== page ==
São Paulo’s TAM expands services and facilities

 - February 2, 2007, 8:51 AM

After a difficult year in 2003, Brazil’s largest executive charter company, TAM Taxi Aéreo Marília, saw better times last year, when its revenues increased to Real 105 million ($39.4 million)–up 15 percent from the previous year–with help from a recovery in the local economy. The increase in revenues was a result of growing demand on all fronts, including maintenance, aircraft sales and executive charter.

Last year TAM inaugurated its new 581,251-sq-ft business aircraft maintenance facilities, which it claims to be the largest and most modern in Latin America. The move has given TAM room to operate and grow, in addition to allowing TAM to service a broader array of aircraft. Besides to being an authorized Cessna service center, TAM also works on a wide range of other aircraft, including Dassault Falcon, Bombardier and Gulfstream jets.

The new complex, which includes three hangars and offices, enables TAM to double the number of aircraft it services from 60 to 120 per month. Given the company’s current rates of growth, TAM expects to invest an additional Real 6 million ($2.3 million) next year to build a new 87,187-sq-ft hangar. By 2009 TAM plans to be able to increase the number of airplanes that it services to 180 per month.

The move out of the city of São Paulo to Jundiaí has made it much easier for customers to drop off and collect their aircraft because Jundiaí Airport operates 24 hours a day. In addition, it is only 35 miles from São Paulo and has no commercial flights or time restrictions.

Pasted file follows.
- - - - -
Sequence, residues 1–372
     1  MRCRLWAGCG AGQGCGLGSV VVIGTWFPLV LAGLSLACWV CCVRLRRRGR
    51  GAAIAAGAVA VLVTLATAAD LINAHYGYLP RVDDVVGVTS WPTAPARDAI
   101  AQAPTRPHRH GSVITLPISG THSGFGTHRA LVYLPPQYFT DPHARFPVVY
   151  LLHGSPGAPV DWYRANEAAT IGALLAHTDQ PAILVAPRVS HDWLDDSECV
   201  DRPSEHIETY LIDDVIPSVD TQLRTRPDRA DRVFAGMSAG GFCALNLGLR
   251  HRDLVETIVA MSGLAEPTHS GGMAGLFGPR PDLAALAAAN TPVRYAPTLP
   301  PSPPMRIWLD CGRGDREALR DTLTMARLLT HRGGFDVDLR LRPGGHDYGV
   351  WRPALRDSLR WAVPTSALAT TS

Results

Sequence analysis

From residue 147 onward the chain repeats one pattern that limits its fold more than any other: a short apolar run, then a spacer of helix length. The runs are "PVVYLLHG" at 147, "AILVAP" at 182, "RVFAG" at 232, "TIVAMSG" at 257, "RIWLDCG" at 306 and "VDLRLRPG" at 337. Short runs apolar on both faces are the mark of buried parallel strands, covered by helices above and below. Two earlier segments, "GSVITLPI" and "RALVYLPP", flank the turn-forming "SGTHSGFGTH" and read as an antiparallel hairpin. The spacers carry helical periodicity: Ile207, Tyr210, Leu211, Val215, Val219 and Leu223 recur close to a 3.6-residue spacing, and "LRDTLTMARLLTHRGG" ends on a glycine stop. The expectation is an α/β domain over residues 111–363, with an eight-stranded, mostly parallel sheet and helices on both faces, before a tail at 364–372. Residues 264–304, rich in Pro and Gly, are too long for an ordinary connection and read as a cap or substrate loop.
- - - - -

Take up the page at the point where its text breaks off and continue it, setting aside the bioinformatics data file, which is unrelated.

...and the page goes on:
“Our clients love the new facilities because they are much more accessible,” TAM president Rui Aquino told AIN. The new complex is also much more accessible for single-engine aircraft. At São Paulo Congonhas Airport, single-engine airplanes are allowed to land only between 10 a.m. and 4 p.m. daily. “The restrictions made it very difficult for us to service single-engine aircraft, which make up a significant share of the market,” said Aquino.

Furthermore, with the increased space, TAM expects to boost from 70 to 85 percent the proportion of Brazil’s 3,330 Cessna jet, turboprop and piston aircraft that it services. “We also hope to service 100 percent of Brazil’s 144 Citations by 2007, as well as an additional 100 Caravans,” Aquino added. Over the next three years, 30 new Citations are expected to begin operating in Brazil. In addition, TAM will be servicing the entire Chilean Citation fleet and 80 percent of the Argentine Citation fleet.

There has also been growing demand for executive charter services, according to Aquino. The company is now operating 16 Caravans and six Citations in this role. During 2003, when demand for charter services was weak, TAM had considered selling part of its fleet, but after demand rebounded solidly last year the company ruled out selling any of its aircraft. While TAM’s fleet is unlikely to increase this year, Aquino said that the company is mulling fleet expansion next year.

Aircraft sales have also been strong over the past 12 months. The company sold 29 Cessnas last year–eight piston singles, eight turboprops and 13 jets. According to Aquino, sales should be strong this year in view of the improving economic circumstances in Brazil.

Aquino expects orders for Cessna’s new Mustang very light jet (VLJ) to be an important force in TAM’s growth this year. Since 2003 TAM has sold 36 Mustangs, and Aquino expects that number to climb as the first delivery dates approach. While many of the VLJs sold in the U.S. and elsewhere will be piloted by their owners, the TAM president said that, so far, none of the aircraft sold in Brazil will be owner-flown.

TAM is also seeing positive results in its newly created helicopter sales division. Since the company took over the rights to represent Bell Helicopter in Brazil in March last year, it had sold five aircraft as of late January. “We are very pleased with these results, given that sales of new helicopters are declining in Brazil,” said Aquino. TAM will participate in an upcoming auction to supply Brazil’s state-owned oil company, Petrobras, with new Bell/Agusta AB139 helicopters to support operations on the company’s offshore oil platforms.